On “simple distributed majority vote,” MALAYSIA favored a three-tiered system, while the US favored a two-tier system excluding a simple distributed majority vote.
On “freely usable currencies,” Chair Attah proposed, and delegates agreed, to replace freely “usable” with “convertible” currencies.
On vote distribution calculations, Chair Attah proposed, and delegates agreed, to remove brackets around “tropical forest resources.” Noting the need to be coherent with the definition of “tropical timber,” SWITZERLAND, CÔTE D’IVOIRE and NEW ZEALAND proposed deleting “broadleaved.” Noting that plantations will become more important in the future, the EC, supported by VENEZUELA, proposed that “tropical forest resources” means “natural closed forests and forest plantations.” SWITZERLAND and MEXICO cautioned that forest plantations could include plantations intended for fuelwood. The ITTO Secretariat explained that including forest plantations in the definition of ï¿½tropical forest resourcesï¿½ would not affect the votes of the majority of members. SWITZERLAND underscored that the definition must be simple and clear in order to allow the ITTO Secretariat to calculate distribution of votes. Regarding data availability on forests, the ITTO Secretariat said that statistics are only available for natural closed forest and forest plantations. He welcomed harmonization of vote calculations with trade data. BRAZIL suggested, and delegates agreed on, further discussion of the issue in the producer caucus.
PREAMBLE: INDIA, on behalf of the Producer Group, suggested adding ï¿½recognizing that states have, in accordance with the Charter of the United Nations and the principles of international law, the sovereign right to exploit their own resources as defined in Principle 1(a) of the UN Conference on Environment and Development Forest Principles. The US, the EC, SWITZERLAND, HONDURAS and JAPAN opposed the ï¿½cherry-pickedï¿½ language suggested by the Producer Group. INDIA agreed to consult with the Producer Group on its proposal.
WORKING GROUP II
WGII Chair Blaser addressed unresolved issues in articles on: review; statistics, studies and information; statistics of the Organization; Committees and subsidiary bodies; and policy work of the Organization.
REVIEW: On review of implementation, the US, supported by NEW ZEALAND, proposed deleting the article as being a redundant ï¿½historical artifact.ï¿½ MALAYSIA and CONGO preferred keeping the article as well as adding ï¿½financialï¿½ implementation. BRAZIL, supported by INDONESIA and CAMEROON, said that a review of implementation four years after entry into force would be helpful to all members. Delegates agreed to ï¿½evaluateï¿½ rather than assess or review, to clarify that the focus will be on ï¿½implementation,ï¿½ and to do so ï¿½no later than five yearsï¿½ after entry into force.
POLICY WORK OF THE ORGANIZATION: Delegates removed the words ï¿½keyï¿½ before policy work, ï¿½five yearï¿½ before action plan, and references to the ï¿½Administrative Account.ï¿½ On the issue of whether policy work must be ï¿½of necessity to all,ï¿½ the EC said to remove this phrase, the US linked it to articles on the Bali Partnership Fund, the Special Account and project activities of the Organization. INDONESIA proposed ï¿½a majority of membersï¿½ and the EC said to reinsert ï¿½all.ï¿½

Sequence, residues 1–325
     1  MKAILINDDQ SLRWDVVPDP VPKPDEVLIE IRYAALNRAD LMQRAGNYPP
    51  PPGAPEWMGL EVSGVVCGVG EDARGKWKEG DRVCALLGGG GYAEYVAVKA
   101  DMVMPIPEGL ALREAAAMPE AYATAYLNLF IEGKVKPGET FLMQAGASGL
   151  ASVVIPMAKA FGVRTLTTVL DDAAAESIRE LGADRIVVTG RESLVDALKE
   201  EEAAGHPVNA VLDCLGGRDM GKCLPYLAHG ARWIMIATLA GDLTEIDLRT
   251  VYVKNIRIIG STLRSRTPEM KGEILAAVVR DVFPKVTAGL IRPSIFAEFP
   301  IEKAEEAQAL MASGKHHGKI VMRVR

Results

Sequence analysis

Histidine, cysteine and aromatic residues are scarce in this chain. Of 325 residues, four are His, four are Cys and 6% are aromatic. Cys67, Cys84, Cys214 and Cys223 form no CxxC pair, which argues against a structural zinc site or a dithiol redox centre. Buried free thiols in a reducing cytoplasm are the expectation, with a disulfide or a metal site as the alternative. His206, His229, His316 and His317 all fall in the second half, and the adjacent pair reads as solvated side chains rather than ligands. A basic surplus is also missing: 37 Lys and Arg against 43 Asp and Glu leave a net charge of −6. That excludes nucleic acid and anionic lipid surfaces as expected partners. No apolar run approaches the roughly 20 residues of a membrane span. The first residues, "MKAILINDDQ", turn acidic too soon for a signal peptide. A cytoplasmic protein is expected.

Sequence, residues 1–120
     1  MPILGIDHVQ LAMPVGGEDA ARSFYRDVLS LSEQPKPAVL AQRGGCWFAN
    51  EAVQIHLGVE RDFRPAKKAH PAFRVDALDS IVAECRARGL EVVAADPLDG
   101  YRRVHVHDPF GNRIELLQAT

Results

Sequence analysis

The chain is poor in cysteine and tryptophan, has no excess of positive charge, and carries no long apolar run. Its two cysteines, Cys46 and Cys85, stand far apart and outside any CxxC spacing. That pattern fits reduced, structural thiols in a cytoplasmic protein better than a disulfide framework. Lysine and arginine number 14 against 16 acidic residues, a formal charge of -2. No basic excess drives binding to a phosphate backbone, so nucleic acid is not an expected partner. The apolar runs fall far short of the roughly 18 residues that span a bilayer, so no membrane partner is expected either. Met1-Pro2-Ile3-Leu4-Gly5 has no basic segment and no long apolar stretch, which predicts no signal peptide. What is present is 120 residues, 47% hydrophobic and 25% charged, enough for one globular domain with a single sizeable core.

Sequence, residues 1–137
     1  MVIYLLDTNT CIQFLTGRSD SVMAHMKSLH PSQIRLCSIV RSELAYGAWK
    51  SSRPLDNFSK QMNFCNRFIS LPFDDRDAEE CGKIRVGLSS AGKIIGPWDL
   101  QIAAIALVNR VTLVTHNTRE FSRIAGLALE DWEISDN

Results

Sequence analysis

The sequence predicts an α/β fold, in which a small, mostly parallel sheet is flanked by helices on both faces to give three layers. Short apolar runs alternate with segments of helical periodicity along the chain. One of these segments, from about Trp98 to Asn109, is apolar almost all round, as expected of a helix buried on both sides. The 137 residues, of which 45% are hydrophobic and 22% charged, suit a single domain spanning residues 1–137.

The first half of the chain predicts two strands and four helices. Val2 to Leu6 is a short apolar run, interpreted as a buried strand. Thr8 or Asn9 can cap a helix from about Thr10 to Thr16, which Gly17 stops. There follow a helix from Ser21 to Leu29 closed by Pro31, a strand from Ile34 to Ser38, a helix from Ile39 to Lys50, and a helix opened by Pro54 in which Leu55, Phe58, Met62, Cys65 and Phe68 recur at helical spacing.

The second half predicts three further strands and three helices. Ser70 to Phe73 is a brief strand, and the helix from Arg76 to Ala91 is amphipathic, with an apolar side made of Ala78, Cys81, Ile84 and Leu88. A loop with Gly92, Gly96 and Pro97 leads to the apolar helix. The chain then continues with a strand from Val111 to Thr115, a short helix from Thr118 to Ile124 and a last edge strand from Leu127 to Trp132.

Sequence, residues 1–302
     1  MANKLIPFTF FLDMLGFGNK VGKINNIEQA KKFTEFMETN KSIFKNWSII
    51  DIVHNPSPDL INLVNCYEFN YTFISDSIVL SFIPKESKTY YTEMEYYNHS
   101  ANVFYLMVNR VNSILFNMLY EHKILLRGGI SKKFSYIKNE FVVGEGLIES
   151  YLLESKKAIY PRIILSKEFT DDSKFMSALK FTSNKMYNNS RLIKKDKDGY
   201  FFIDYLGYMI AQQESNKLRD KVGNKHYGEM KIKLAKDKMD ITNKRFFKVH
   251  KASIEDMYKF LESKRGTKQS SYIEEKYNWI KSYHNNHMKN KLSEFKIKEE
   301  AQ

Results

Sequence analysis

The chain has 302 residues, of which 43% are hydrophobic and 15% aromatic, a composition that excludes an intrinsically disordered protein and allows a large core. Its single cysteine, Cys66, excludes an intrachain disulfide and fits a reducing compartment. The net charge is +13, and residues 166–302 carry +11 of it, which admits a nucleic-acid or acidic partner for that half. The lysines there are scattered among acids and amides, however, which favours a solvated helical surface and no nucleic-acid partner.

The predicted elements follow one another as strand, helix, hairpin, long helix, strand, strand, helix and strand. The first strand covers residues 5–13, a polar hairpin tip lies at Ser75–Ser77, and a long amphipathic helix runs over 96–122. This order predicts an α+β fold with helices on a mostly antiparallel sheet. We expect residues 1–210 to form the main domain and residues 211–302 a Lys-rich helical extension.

PROJECT ACTIVITIES OF THE ORGANIZATION: BRAZIL, MALAYSIA, INDONESIA, the CONGO, and COLOMBIA queried the USï¿½ proposed language allowing the ED to submit proposals. Cï¿½TE Dï¿½IVOIRE, supported by the EC and JAPAN, noted the benefits of allowing the ED to present project proposals of a cross-cutting nature. After lengthy discussion, Chair Blaser, supported by CAMEROON, proposed specifying that ED submissions be made ï¿½in consultation with the Council.ï¿½ SWITZERLAND suggested specifying proposals ï¿½of a horizontal nature or regional interest.ï¿½
INDONESIA, BRAZIL and MALAYSIA opposed language that the ED should have the authority to submit proposals, with INDONESIA suggesting EDï¿½s responsibility is to secure financial resources. The EC and the US suggested that the provision would benefit members. UN Conference President Carlos Antonio da Rocha Paranhos proposed, and SWITZERLAND supported, compromise text that would allow the ED to submit proposals for consideration by the Council ï¿½taking into account the thematic areas and/or priorities established by Council.ï¿½ The CONGO expressed concern over who would fund projects submitted by the ED. Chair Blaser proposed convening a small informal group to find a compromise on this issue.
COMMITTEES AND SUBSIDIARY BODIES: WGII Chair Blaser, supported by NEW ZEALAND, proposed a Committee on Reforestation and Forest Management, a Committee on Forest Industry, Economic Information and Market Intelligence, and a Committee on Finance and Administration. Delegates discussed this merging of two of the four existing ITTO Committees but could not reach consensus on the number and type of Committees.
STATISTICS, STUDIES AND INFORMATION: BRAZIL, on behalf of the Producer Group, proposed including ï¿½technical assistanceï¿½ in the measures Council may take in response to not furnishing or delaying submission of statistics. Responding to a US objection to President Paranhosï¿½ proposed text calling for the Council to find ï¿½a positive solution to the issue,ï¿½ Chair Blaser suggested substituting ï¿½measures it deems appropriate.ï¿½
IN THE CORRIDORS
Consensus began emerging in several areas on Thursday. Both producer and consumer members have accepted the need for secure and stable funding for policy work and programmes, particularly for specific thematic areas. Producer Group consensus may be emerging on including improved forest product industrialization, market access, innovative financial mechanisms for sustainable forest management, and institutional capacity building as thematic areas. While the funding of thematic areas has not yet been negotiated, many producer members and some consumer members agree that thematic areas may provide more predictable funding from assessed contributions.